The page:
Sonya Voumard. Political Animals. Ginninderra Press, 2008. ISBN: 9781740275026
There is a lot going on in Political Animals. I finished it with a hundred questions and ideas and impressions and comments, and I’m struggling to sort them all out in my head and come up with a single coherent view of the book. Struggling to find the right angle, as a journalist might say.
Journalist Alison Chesterton is living the jaded life of a Canberra press gallery journalist. Far too much alcohol. Promiscuity. A cheap flat that is a museum of ‘70s decor, shared with a ministerial staffer who she rarely sees. No real connections to other humans, or at least not connections that she wouldn’t sell out for a good contact or the next big story. Or who wouldn’t do the same to her. It’s a life run on nicotine and adrenaline and it’s taking its toll.
It’s a view of Canberra where Canberra equals government. But somehow, that inability to see beyond the bubble that is life on the hill, which many journalists seem unable to shake when they turn to fiction, didn’t drive me nuts here the way it did in books like The Marmalade Files.
People often ask me what I do in Canberra when I’m not working. It’s hard to answer because I am working most of the time. When I’m not at Parliament House I’m out at dinner with contacts or colleagues. And drinking. Even when I go for a bike ride around the lake on a Sunday that I don’t happen to be working, I’ll often end up running into someone, having coffee and talking work. Occasionally, on a hot day, a few of us will drive out to the river at the Kambah Pool Reserve for a swim. But that always leaves me feeling depressed and trapped and craving the ocean, where you can really swim. If you can’t have the ocean you may as well go to the Manuka pool and do laps.
I think there are a few reasons for my forgiveness of Alison’s view. One is that Political Animals is from and about a female perspective of the press gallery. The hard drinking, smoking, jaded, life-on-a-precipice male journalist, even when it’s done well is a cliché, but when it’s a woman it’s a newer perspective. I’m not sure that Alison behaves all that differently to the way I would expect a male character to respond in similar circumstances. But the female view, and the risks to a female in those circumstances, are inevitably different, and I found the story much more engaging and thought-provoking as a result.
The plot was also more plausible than some of the conspiracy and murder-fuelled Canberra-as-political-hotbed stores I’ve read this year. Alison has received a tip-off that one of the PM’s closest advisors, Matthew Green, has sexually abused an Aboriginal girl. Alison knows she’s being used by her informant for his own political purposes, but the story’s too important to let go. Then there’s her own sexual and emotional entanglement with Green. But it’s still a great story. Coincidentally, Alison has her own contacts that can get her close to the story and help her verify it. But how far can she risk her oldest and closest and yet most fragile friendship for the story of her career?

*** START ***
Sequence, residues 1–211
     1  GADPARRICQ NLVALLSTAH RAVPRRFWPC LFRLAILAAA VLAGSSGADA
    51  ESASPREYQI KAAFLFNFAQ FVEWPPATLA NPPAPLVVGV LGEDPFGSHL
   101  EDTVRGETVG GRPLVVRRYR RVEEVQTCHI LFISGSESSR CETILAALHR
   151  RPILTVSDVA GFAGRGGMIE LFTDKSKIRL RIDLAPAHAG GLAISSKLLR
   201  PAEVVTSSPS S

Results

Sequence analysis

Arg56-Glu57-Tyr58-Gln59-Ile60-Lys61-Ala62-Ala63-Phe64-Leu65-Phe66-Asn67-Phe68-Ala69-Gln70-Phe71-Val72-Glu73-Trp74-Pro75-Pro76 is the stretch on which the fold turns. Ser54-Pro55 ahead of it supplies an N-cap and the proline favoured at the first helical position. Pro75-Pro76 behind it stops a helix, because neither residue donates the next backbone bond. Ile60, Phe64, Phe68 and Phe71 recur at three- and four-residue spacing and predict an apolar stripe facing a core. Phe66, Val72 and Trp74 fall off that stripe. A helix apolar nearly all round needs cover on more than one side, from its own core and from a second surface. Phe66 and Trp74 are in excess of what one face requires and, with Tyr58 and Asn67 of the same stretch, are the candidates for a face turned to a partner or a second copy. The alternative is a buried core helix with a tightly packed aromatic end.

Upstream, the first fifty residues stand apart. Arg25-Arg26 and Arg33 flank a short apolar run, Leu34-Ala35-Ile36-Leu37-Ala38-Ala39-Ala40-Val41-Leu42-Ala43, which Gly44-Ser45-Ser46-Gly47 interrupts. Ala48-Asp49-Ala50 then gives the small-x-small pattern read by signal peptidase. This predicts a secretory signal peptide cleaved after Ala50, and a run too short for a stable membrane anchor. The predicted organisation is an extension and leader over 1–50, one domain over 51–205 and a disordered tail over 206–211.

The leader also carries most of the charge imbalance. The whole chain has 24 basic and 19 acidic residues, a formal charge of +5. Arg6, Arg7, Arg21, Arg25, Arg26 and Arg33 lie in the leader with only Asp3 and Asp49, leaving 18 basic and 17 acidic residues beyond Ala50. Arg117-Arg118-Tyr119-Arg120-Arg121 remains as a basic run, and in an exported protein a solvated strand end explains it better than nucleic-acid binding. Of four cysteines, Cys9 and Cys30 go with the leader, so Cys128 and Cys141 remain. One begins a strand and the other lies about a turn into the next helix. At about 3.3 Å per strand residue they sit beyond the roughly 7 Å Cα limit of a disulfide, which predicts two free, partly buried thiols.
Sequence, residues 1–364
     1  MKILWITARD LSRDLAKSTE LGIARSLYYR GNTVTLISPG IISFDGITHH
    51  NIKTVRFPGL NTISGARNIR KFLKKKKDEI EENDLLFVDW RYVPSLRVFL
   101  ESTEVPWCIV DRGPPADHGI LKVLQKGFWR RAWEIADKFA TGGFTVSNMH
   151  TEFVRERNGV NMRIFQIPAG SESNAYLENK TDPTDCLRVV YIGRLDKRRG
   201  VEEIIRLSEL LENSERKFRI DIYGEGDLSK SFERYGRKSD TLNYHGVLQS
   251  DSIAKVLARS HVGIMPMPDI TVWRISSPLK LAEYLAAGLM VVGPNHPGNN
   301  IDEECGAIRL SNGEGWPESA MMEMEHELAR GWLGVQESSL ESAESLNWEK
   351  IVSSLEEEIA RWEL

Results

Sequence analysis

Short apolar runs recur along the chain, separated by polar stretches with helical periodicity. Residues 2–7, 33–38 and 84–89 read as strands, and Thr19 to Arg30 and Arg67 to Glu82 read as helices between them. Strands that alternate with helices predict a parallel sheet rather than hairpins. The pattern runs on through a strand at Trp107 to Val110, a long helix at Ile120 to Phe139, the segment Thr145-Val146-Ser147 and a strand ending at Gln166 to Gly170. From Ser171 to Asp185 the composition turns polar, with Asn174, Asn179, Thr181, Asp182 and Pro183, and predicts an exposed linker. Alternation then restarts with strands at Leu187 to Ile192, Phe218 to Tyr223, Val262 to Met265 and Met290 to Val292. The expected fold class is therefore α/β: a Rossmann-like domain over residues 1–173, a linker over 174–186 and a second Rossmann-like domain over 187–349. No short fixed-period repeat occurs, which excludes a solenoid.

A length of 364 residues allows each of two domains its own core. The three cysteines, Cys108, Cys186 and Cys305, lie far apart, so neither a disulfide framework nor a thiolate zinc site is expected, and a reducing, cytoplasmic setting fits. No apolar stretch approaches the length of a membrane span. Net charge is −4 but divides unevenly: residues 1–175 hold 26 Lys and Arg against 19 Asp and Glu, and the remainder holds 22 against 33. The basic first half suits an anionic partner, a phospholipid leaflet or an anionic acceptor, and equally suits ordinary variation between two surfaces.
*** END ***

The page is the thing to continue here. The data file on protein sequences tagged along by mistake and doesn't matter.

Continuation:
Alison’s dilemma is more nuanced that some of the other political stories I’ve read, and I was more sympathetic with her actions than I have been with the other fictional Canberra journos and cops I’ve met this year. I think this also is because Alison is a woman, as is her creator. Perhaps I’m over-reading it, but I think this allows for a more finely-tuned emotional response than would be plausible in a male character. Political Animals is as much about animal instincts and emotional responses as it is about calculated bastardry.
Although the key characters are mostly Canberra political players, the stories they are playing with are located elsewhere. For the politicians, journalists and staffers who circulate in Alison’s world, this isn’t real life. They shack up in unlikely combinations in frat house digs in Barton and Red Hill out of pure convenience. There is a poisonous, jealous and incestuous culture that grows out of mutual loathing and interdependence, and the fact that they all have real homes to go to somewhere else. Even though she describes herself as a Canberran, and shares Canberra’s joy in its lake, it is clear this is not really home for Alison.
I always feel dread returning to Canberra, a combination of sadness at goodbyes just said elsewhere and emptiness. This homecoming, and the dread that it promises, is even more depressing than usual. …
My flat is cold and smells unlived-in… This transient world is lonely and silent.
While the culture Alison finds herself in is attributed to the transience of Canberra, it’s possible to understand that this relates only that few square kilometres of Canberra that focus on the house on the hill. At one point Alison tells herself that she hates Canberra and everything it represents. Canberra readers will know that what Canberra is and what it represents can be two very different things.
And even in the end, when Alison has realised that she needs something that is not available to her in Canberra, her friend Kat is heading there, prepared to give it a go. Because it is a place where it is possible to make a difference. When Canberra is performing its seat of government role – the seat of power – amazing and terrible things can happen there, and seemingly anything is possible.